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Special Report: Laundry Operations and High Fuel Costs (Conclusion)

Laundry/linen service representatives share fuel insights, strategies

CHICAGO — The effects of COVID-19 will be felt for years to come.

Besides the effects on the healthcare industry, and the concerns of individuals about their health, the pandemic contributed to business interruption and soaring inflation.

One of the lasting hits on budgets all around, from individuals to laundry and linen services, has been rising fuel costs.

Then in February, Russia invaded Ukraine, which caused a quick, dramatic spike in prices.

What do these record-high fuel prices mean for laundry and linen service delivery budgets, and what can they do to cope with the high prices?

American Laundry News reached out to an oil/gas industry expert and laundry operation representatives to get their views on the situation, plus offering strategies to help deal with the costs.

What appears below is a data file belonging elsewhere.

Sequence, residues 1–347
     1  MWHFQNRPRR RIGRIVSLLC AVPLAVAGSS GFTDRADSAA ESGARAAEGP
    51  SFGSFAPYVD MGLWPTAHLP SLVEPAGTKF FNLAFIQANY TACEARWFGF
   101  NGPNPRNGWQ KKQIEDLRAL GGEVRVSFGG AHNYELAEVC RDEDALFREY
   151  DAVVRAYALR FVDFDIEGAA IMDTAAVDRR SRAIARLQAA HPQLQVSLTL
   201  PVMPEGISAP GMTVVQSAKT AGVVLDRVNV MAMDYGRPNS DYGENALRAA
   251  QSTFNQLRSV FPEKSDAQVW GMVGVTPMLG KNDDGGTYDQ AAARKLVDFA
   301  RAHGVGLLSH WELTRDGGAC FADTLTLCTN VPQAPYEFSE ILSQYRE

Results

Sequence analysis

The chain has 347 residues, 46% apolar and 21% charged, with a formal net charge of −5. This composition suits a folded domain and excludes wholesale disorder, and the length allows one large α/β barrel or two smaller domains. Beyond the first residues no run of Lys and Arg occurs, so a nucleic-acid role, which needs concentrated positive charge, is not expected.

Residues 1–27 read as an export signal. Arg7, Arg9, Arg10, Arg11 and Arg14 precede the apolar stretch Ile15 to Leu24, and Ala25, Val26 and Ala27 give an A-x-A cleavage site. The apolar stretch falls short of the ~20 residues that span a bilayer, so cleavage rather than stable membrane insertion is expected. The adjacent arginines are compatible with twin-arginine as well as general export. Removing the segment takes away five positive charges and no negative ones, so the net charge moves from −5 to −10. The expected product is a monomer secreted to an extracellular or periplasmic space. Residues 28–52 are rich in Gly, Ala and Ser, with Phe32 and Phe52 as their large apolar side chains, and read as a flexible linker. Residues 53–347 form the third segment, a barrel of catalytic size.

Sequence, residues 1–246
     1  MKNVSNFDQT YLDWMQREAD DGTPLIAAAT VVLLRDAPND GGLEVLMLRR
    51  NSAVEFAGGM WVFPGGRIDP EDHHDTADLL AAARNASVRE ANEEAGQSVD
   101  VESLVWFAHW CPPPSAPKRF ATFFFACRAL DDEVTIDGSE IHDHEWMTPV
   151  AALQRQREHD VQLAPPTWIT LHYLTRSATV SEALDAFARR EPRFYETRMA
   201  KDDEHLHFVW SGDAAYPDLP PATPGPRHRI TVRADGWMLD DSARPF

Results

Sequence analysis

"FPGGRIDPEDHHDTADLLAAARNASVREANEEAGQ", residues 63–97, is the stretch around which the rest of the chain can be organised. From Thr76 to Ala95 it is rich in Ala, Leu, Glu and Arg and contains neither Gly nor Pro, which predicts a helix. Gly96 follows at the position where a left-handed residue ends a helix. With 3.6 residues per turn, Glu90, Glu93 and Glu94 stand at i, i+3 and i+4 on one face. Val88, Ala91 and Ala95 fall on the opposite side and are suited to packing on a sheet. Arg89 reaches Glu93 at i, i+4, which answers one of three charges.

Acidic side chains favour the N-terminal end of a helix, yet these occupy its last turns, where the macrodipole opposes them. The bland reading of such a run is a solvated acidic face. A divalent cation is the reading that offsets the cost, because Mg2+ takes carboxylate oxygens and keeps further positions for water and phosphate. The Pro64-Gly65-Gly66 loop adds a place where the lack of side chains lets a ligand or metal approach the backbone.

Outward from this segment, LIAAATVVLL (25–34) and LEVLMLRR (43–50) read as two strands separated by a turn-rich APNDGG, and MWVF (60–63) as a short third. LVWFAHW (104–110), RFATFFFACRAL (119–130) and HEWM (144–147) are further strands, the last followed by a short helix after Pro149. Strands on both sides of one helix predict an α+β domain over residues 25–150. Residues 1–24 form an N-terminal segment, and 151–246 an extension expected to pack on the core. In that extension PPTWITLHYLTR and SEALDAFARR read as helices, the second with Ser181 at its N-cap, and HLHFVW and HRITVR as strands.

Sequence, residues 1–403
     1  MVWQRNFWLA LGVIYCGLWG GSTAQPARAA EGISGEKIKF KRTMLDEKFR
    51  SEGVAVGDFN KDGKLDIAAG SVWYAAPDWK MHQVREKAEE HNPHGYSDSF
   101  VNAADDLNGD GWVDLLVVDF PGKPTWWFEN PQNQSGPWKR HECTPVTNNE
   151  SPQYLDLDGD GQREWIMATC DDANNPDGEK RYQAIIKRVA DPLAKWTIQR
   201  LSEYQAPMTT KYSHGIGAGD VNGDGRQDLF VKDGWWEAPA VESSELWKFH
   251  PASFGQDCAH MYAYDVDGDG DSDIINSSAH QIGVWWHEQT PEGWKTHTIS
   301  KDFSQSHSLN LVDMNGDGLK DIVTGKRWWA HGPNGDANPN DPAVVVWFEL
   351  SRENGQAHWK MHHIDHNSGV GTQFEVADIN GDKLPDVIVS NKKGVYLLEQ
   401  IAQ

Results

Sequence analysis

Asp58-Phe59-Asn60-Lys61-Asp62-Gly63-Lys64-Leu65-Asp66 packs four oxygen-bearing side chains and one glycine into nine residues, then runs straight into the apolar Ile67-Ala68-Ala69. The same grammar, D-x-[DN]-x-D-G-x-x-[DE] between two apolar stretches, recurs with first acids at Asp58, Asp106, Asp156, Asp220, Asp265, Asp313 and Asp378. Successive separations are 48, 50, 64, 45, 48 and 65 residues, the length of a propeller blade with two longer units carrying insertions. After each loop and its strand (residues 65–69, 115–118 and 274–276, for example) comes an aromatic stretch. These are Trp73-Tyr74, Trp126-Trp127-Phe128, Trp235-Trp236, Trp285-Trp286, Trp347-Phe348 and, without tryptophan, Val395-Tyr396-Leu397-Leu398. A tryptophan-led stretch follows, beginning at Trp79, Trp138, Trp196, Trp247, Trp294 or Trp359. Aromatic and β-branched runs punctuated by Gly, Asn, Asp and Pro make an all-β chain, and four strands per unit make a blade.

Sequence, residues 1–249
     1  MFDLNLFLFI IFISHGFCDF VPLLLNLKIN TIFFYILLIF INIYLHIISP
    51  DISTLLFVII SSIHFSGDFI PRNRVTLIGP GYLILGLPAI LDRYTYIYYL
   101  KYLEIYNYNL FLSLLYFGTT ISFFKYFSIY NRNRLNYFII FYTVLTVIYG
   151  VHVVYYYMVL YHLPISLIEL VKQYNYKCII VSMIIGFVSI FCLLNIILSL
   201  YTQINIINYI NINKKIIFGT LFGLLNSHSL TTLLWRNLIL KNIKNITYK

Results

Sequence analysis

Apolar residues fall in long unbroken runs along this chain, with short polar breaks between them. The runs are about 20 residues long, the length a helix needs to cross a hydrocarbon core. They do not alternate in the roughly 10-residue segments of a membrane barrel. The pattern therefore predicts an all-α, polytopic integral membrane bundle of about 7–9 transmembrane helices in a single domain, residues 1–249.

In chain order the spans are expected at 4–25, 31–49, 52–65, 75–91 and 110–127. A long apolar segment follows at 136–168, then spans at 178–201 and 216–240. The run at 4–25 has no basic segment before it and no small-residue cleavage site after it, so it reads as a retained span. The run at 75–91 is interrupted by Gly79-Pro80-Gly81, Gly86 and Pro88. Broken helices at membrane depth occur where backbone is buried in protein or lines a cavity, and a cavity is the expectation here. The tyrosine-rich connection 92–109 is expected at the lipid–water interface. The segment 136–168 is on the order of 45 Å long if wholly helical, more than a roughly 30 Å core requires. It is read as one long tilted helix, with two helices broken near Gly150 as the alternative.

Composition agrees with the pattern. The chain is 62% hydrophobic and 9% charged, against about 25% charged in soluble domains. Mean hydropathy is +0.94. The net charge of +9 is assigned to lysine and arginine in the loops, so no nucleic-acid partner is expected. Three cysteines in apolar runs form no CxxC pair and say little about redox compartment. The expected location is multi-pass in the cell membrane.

For laundry and linen services, the immediate effect of the dramatic spike in fuel prices has been the unexpected, unplanned increase in their fuel costs.

“We’ve definitely been impacted by the rising cost of fuel,” says Brad Watlington, owner of HMT Industrial Laundry in Pangburn, Arkansas, which specializes in serving smaller to mid-sized businesses. “It’s increased our fuel charges by 35%.”

Jason Hartsell, vice president of operations for United Hospital Services LLC, a cooperative healthcare laundry in Indianapolis, says his company has also experienced an increase in fuel expenses due to the unplanned increase in the cost of fuel.

“It’s also had the impact in that we now must take another look at some of the day-to-day habits that contribute to increased fuel usage such as idle time and route efficiencies,” he says.